Suárez was regarded during his lifetime as being the greatest living philosopher and theologian, and given the nickname Doctor Eximius; Pope Gregory XIII attended his first lecture in Rome. Pope Paul V invited him to refute the errors of James I of England, and wished to retain him near his person, to profit by his knowledge. Philip II of Spain sent him to the University of Coimbra in order to give it prestige, and when Suárez visited the University of Barcelona, the doctors of the university went out to meet him wearing the insignia of their faculties. A nickname is a short, clever, cute, derogatory, or otherwise substitute name for a person or things real name (for example, Nick is short for Nicholas). ... Pope Gregory XIII (1502-1585) Gregory XIII, né Ugo Buoncampagno (January 7, 1502 – April 10, 1585) was pope (1572 – 1585). ... Painting of Pope Paul V by Caravaggio Paul V, né Camillo Borghese (Rome, September 17, 1550 - January 28, 1621) was Pope from May 16, 1605 until his death. ... James VI and I King of England, Scotland and Ireland James VI of Scotland and I of England (Charles James) (19 June 1566–27 March 1625) was a King who ruled over England, Scotland and Ireland, and was the first Sovereign to reign in the three realms simultaneously. ... Philip II of Spain (1527 – September 13, 1598), King of Spain (r. ... The University of Barcelona (Catalan Universitat de Barcelona) is a university located in the city of Barcelona, Catalonia, Spain. ... Doctor means teacher in Latin. ... Insignia (from latin insigne: emblem, symbol) is a symbol or token of personal power, status or office, or of an offical body of government or jurisdiction. ... Faculty is the scholarly staff at colleges or universities, as opposed to the students or support staff. ...


After his death on 25 September 1617 in Portugal (in either Lisbon or Coimbra) his reputation grew still greater, and he had a direct influence on such leading philosophers as Hugo Grotius, René Descartes, and Gottfried Leibniz. September 25 is the 268th day of the year (269th in leap years). ... Events Change of emperor of the Ottoman Empire from Ahmed I (1603-1617) to Mustafa I (1617-1623). ... The Republic of Portugal (Portuguese: República Portuguesa) is a democratic republic located on the west and southwest parts of the Iberian Peninsula in southwestern Europe, the westernmost country in continental Europe. ... Lisbon (in Portuguese, Lisboa) is the capital and largest city of Portugal. ... Hugo Grotius Hugo Grotius (Huig de Groot, or Hugo de Groot; 10th April 1583 - 28th August 1645) worked as a jurist in the Dutch Republic and laid the foundations for international law, based on natural law. ... René Descartes René Descartes (IPA: , March 31, 1596 – February 11, 1650), also known as Cartesius, worked as a philosopher and mathematician. ... Gottfried Leibniz Gottfried Wilhelm von Leibniz (also Leibnitz) (Leipzig July 1, 1646 – November 14, 1716 in Hannover) was a German philosopher, scientist, mathematician, diplomat, librarian, and lawyer of Sorb descent. ...


Philosophical thought

His most important philosophical achievements were in metaphysics and the philosophy of law.


Metaphysics

For Suárez, metaphysics was the science of real essences and existence; it was mostly concerned with real being rather than conceptual being, and with immaterial rather than with material being. He held (along with earlier scholastics) that essence and existence are the same in the case of god (see ontological argument), but disagreed with Aquinas and others that the essence and existence of finite beings are really distinct. He argued that in fact they’re merely conceptually distinct; rather than being able to exist separately, they are conceivable separately. That is, rather than being logically separable, existence and essence are epistemically separable. Existence is an ontological topic In Anglo-American philosophy (this article will have to be augmented with summaries of work in other traditions), probably the most widely-asked question about it is what sort of concept it is, or what function it serves in languages, both natural and formal. ... In theology, an ontological argument for the existence of God was first proposed by the medieval philosopher Saint Anselm in Chapter 2 of his Proslogion. ...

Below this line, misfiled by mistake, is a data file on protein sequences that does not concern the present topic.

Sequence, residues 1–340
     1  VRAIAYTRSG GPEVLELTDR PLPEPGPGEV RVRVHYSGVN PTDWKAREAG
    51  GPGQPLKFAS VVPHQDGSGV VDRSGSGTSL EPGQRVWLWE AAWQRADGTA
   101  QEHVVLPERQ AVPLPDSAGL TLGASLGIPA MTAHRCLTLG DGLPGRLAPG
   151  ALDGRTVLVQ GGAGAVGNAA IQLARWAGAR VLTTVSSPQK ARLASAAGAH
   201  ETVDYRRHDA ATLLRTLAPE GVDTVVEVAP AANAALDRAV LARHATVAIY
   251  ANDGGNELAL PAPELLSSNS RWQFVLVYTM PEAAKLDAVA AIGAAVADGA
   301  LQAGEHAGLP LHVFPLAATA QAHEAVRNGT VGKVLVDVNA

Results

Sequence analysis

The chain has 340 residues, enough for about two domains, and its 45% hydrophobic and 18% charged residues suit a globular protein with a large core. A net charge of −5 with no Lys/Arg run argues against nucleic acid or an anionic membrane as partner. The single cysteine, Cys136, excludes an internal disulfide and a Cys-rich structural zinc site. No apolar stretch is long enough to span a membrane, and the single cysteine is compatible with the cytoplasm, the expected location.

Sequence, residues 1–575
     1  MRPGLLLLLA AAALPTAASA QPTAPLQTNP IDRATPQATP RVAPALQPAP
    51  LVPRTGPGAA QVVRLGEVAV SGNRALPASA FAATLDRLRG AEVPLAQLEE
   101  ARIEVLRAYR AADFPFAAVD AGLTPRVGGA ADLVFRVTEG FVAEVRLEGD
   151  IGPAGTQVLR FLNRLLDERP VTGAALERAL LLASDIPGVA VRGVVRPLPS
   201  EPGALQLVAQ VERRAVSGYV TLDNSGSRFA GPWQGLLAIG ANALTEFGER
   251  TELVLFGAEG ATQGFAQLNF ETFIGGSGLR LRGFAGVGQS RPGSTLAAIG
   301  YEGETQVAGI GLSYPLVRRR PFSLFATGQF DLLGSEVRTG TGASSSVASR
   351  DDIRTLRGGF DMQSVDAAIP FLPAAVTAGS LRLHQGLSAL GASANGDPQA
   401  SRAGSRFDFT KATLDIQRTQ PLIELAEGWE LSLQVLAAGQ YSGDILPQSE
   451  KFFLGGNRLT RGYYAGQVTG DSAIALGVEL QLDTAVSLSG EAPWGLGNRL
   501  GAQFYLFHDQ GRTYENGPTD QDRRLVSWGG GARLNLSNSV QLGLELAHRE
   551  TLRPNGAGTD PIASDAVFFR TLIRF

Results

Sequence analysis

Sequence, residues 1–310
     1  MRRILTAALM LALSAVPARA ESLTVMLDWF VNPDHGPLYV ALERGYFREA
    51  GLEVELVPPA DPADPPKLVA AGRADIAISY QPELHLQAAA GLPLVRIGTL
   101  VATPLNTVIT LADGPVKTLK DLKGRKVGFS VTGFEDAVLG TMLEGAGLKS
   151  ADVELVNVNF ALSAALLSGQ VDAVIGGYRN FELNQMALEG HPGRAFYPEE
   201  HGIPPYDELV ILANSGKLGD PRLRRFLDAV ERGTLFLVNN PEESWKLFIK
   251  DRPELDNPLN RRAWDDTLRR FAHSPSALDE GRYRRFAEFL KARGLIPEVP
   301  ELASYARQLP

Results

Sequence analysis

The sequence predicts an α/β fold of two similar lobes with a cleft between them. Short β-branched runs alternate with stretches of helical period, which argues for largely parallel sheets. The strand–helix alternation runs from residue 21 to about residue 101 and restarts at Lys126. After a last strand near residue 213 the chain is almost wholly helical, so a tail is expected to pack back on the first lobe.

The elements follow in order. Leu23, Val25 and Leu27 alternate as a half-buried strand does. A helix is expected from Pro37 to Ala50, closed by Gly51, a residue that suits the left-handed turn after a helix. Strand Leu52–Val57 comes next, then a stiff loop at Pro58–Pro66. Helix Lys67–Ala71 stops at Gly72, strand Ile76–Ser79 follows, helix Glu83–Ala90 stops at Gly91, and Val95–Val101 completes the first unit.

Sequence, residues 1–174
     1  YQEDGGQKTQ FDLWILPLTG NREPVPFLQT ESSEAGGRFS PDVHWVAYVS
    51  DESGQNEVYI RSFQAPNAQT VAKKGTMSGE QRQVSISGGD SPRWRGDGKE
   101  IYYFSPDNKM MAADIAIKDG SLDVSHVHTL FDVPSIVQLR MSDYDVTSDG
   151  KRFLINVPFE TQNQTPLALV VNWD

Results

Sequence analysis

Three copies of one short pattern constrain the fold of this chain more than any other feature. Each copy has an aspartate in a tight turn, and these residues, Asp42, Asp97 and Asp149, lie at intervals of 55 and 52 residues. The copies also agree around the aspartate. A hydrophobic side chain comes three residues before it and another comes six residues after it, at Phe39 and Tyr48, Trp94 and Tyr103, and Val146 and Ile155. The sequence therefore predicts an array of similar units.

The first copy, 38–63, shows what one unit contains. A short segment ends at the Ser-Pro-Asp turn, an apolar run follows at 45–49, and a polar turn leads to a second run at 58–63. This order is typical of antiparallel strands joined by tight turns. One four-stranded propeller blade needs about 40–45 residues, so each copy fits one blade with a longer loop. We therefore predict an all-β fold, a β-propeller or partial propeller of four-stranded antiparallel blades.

On the vexed subject of universals, Suarez was a nominalist; he argued that we have direct knowledge only of individuals. Universal has several meanings: For the concept of a universal in metaphysics, see Universal (metaphysics). ... Nominalism is the position in metaphysics that there exist no universals outside of the mind. ...


Philosophy of law

Here Suárez' main importance stems from his work on natural law, and from his arguments concerning positive law and the status of a monarch. He argued against the sort of social-contract theory that became dominant among early-modern political philosophers such as Thomas Hobbes and John Locke, but some of his thinking found echoes in the more liberal, Lockean contract theorists. In law, natural law is the doctrine that just laws are immanent in nature (that can be claimed as discovered but not created by such things as a bill of rights) and/or that they can emerge by natural process of resolving conflicts (as embodied by common law). ... Positive law is law which has been codified into a written form. ... A monarch is a type of ruler or head of state. ... Social contract is a phrase used in philosophy, political science, and sociology to denote a real or hypothetical agreement within a state regarding the rights and responsibilities of the state and its citizens, or more generally a similar concord between a group and its members. ... Political philosophy is the study of the fundamental questions about the state, government, politics, property, law and the enforcement of a legal code by authority: what they are, why they are needed, what makes a government legitimate, what rights and freedoms it should protect and why, what form it should... This article is about the philosopher Thomas Hobbes. ... John Locke John Locke (August 29, 1632–October 28, 1704) was a 17th century philosopher concerned primarily with society and epistemology. ...


Human beings, argued Suárez, have a natural social nature bestowed upon them by god, and this includes the potential to make laws. When a political society is formed, therefore, its nature is chosen by the people involved, and they give their natural legislative power to their ruler. Because they gave this power, they have the right to take it back, to revolt against a ruler — but only if the ruler behaves badly towards them, and they're obliged to act moderately and justly. In particular, the people must refrain from killing the ruler, no matter how tyrannical he may have become.


If a government is imposed on people, on the other hand, they not only have the right to defend themselves by revolting against it, they are entitled to kill the tyrannical ruler.